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Kid' Tour to Mars

Types of Volcanoes

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Types of Volcanoes
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Cascade Volcanoes
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Mount St Helens

Smoking Mountains

Cascade Mountains Volcano Map

The map at right shows some of the active and potentially active volcanoes along the west coast of the US. In Washington State, Mount Baker, Glacier Peak, Mount Rainier, and Mount St. Helens have been active within the last 2,000 years. As the population around each volcanic area grows the possibility of a disastrous eruption increases. The United States Geological Survey (USGS) has a Cascades Volcano Observatory (CVO) that studies these and other volcanoes. Geologists at the CVO monitor for signs of activity, assess hazards and gather scientific information to warn the public of impending eruptions.

Cascade volcanoes are the composite type and build very steep sides. These volcanoes also have very thick magmas that tend to hold in expanding volcanic gases and steam. Tremendous pressure builds up inside the volcano and often leads to explosive and dangerous eruptions.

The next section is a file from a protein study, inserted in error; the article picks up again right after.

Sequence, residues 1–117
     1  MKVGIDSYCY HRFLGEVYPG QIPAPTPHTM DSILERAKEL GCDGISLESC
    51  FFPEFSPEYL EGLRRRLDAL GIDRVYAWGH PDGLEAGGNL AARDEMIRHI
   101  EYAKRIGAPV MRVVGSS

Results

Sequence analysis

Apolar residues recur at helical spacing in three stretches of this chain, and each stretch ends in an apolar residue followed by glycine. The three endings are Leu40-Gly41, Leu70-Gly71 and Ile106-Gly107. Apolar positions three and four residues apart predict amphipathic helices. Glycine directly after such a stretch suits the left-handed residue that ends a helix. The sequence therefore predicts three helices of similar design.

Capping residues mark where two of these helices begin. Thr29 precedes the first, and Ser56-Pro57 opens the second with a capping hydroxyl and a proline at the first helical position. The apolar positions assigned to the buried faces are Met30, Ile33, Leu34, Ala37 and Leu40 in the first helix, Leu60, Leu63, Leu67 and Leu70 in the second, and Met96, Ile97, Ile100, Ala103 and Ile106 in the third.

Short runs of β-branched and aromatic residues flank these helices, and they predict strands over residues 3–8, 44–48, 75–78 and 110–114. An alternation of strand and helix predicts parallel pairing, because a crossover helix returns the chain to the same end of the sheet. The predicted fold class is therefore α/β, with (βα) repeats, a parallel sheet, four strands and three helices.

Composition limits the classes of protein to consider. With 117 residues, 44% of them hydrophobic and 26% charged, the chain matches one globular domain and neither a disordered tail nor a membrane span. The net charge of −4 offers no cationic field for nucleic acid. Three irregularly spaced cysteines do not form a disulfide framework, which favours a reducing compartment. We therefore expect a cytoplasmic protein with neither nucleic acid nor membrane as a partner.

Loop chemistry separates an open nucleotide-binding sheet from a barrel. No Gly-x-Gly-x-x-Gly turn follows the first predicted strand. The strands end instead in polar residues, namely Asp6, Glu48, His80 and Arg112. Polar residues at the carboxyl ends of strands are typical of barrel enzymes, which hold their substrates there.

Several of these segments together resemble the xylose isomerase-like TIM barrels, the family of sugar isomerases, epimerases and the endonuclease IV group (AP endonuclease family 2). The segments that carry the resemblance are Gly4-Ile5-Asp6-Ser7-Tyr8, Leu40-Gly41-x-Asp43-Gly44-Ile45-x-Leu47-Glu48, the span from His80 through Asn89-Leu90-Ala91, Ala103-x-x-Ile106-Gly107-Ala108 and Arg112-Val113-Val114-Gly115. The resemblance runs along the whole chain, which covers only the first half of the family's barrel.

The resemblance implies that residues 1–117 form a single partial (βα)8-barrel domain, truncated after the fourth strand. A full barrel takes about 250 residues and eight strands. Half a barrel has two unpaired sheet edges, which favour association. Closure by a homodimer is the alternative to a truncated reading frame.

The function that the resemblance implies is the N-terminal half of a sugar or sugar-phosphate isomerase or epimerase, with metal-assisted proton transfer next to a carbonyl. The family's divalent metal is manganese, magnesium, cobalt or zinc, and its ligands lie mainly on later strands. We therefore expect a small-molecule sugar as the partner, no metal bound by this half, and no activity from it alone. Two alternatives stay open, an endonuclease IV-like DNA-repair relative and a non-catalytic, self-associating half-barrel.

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USGS Cascades Volcano Observatory
USGS Live Volcano Camera

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Geology Terms

Here are some basic terms used in the tour. Find more geology terms in the Glossary.

Fragments of less than 2 millimeters in diameter of lava or rock blasted into the air by volcanic explosions.
Volcanic rock caused by partial melting of the Earth's crust.
A large volcanic depression, commonly circular or elliptical when seen from above, caused by a volcano collapsing into itself.
Cinder Cone
A circular or oval cone made up of small fragments of lava from a single vent that have been blown into the air, cooled and fallen around the vent.
Composite Volcano
A steep-sided volcano composed of many layers of volcanic rocks, usually made from high-viscosity (thick like honey) lava, ash and rock debris (broken pieces).
A steep-sided mound that forms when viscous (thick like honey) lava piles up near a volcanic vent (opening at the surface).
A vent that releases volcanic gases and steam.
A mixture of water and rock debris that forms on the slopes of a volcano. Also known as a mudflow or debris flow. The term comes from Indonesia.
A light-colored volcanic rock containing lots of bubbles from trapped gases. This rock can sometimes float on water.
Pyroclastic Flow
A hot, fast moving and high-density (thick like a dust storm) mixture of ash, pumice, rock fragments and gas formed during explosive eruptions.
Shield Volcano
A volcano shaped like a bowl in the middle with long gentle slopes made by basaltic lava flows.
An opening at the surface where magma, gas and steam erupt.
A vent at the surface where magma, gas and steam erupt. Also, the landform constructed by volcanic material.

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